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Woman with 'significant income' insists that fiancé sign prenup with 'infidelity clause.' AITA?

Woman with 'significant income' insists that fiancé sign prenup with 'infidelity clause.' AITA?

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"AITA for making my fiancé sign a prenuptial agreement?"

I have a significant income, and I expect it to grow more in the coming years. My investments will also mature, making me reasonably wealthy. I'm emphasizing this to highlight that in the event of a divorce, I have a lot to lose.

I've told my fiancé several times that I won't marry without some form of protection or guarantee for my financial future. At the time, he agreed, but now I think he just said what he needed to convince me to accept the marriage. He probably didn't think I was serious, but I certainly was.

I discussed this with my lawyer, and she drafted what I consider a very solid prenuptial agreement based on my concerns. She even suggested adding an infidelity clause, something I hadn't thought of but readily accepted.

I talked this over with my fiancé and told him to review the agreement with his lawyer to see if we can reach mutually acceptable terms. He was VERY offended that I even felt the need for one. To say he got upset would be an understatement. He was particularly offended by the infidelity clause. I certainly did not expect this reaction from him. However, in the end, he agreed and signed.

His reaction is making me have doubts. Before signing, he claimed that I'm not respecting our relationship and that I'm expecting him to fail, which is not true. However, life is unpredictable, and anything can happen at any time, so I'm just trying to protect my financial future in case of a divorce. I'm starting to question everything after his hesitation, especially regarding the infidelity clause. Am I wrong in this?

Here's what top commenters had to say about this one:

Cybermagetx said:

Nta. Prenups are there for the worst case. If he doesn't think that will happen then the prenup is just some paper. If he doesn't wanna sign, no marriage.

RNGinx3 said:

NTA. I learned the hard way “the person you marry is not the same person you divorce.” I didn’t have a ton of assets but I had my bills paid on time and savings in the bank.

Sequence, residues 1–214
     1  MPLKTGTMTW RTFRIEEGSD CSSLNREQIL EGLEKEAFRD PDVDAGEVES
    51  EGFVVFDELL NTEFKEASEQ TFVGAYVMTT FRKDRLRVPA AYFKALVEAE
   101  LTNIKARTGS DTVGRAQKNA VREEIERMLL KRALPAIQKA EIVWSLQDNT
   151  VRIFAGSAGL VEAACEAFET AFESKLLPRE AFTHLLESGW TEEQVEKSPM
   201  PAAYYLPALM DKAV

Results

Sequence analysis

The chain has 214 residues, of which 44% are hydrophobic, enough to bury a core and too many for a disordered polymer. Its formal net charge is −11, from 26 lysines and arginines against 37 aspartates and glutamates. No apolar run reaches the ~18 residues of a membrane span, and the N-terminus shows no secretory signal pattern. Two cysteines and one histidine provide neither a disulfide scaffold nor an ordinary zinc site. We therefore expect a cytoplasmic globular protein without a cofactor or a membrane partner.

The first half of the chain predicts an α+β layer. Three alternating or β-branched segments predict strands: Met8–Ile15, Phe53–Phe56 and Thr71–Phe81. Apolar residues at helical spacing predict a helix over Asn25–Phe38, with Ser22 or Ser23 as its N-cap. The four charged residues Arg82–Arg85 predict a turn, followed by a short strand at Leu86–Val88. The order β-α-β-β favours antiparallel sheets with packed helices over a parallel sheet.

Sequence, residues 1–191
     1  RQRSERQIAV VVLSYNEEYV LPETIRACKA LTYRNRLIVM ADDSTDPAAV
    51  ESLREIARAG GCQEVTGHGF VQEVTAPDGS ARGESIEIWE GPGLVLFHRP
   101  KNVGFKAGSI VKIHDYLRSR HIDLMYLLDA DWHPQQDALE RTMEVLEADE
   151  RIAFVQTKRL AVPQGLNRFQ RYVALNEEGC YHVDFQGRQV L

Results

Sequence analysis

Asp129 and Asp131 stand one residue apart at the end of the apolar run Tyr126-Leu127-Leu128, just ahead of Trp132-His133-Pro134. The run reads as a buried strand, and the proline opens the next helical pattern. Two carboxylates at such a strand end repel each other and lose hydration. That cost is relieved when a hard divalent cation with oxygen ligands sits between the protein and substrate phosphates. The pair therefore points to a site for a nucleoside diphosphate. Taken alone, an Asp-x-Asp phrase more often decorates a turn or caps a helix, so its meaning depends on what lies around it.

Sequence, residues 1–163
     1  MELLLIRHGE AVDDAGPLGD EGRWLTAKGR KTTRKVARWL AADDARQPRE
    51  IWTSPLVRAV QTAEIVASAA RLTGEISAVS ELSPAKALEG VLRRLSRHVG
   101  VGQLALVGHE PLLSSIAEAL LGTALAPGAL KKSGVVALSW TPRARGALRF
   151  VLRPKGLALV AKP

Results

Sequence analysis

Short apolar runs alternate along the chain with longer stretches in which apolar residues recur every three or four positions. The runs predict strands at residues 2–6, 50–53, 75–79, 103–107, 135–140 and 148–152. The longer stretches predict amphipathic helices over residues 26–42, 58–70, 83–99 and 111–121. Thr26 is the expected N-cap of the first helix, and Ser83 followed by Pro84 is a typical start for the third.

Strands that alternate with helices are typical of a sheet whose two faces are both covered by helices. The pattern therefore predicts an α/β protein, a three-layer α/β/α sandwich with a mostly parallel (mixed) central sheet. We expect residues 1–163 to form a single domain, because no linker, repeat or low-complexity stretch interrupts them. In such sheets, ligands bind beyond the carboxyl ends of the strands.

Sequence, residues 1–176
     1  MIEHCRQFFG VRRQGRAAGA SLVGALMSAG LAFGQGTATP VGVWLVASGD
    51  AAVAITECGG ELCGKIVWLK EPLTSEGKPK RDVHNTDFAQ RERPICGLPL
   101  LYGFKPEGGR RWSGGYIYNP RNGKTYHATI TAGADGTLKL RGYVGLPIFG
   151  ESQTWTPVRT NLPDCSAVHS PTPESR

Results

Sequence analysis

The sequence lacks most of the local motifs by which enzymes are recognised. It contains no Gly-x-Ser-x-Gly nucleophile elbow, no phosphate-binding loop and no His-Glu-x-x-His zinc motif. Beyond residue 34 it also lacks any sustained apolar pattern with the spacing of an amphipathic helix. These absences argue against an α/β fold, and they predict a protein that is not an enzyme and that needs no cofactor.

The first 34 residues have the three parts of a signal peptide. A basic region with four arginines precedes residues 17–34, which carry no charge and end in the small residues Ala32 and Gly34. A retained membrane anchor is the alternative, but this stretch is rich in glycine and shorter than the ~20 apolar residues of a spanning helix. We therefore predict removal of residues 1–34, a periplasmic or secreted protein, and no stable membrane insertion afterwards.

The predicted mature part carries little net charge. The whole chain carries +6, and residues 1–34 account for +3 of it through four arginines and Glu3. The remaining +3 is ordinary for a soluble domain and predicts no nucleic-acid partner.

He wiped me out and took everything that wasn’t nailed down. I left with the clothes on my back and a few things he didn’t want that wasn’t worth monetary value (like our wedding album).

Turn it around on him: if he really loves you, he wouldn’t care about the prenup, the assets or the money, because they’re not his anyway and he loves you for you, not your money…right?

DVIGRVT said:

NTA. You're protecting yourself. You hope it'll never need to revisit it, but in case you do, you'll be glad you have it.

reginafelangi123 said:

NTA! Any lawyer worth their weight will tell you to always get a prenup, even if you think you don’t have a lot in assets. And they should all definitely include an infidelity clause. Your fiance is being a big fat baby. His reaction would make me question if I’d even wanna marry him anymore. Ick.

new_fella said:

NTA and I find it very suspect that he didn't think you were "serious" and proceeded to argue with you about it. One thing I always think about when a prenup story comes up is that some day you guys might have kids.. This could be Generational wealth if handled correctly.

The fact is if everyone puts their intentions on paper it can't be misinterpreted later. You really would think a comfortable life and a successful wife would be enough for your partner. I'm suddenly curious about his personal finances.

panachi19 said:

NTA and I’d also be concerned about his reaction.

Everyone was on OP's side for this one. What's your advice for these soon-to-be-newlyweds?

Sources: Reddit
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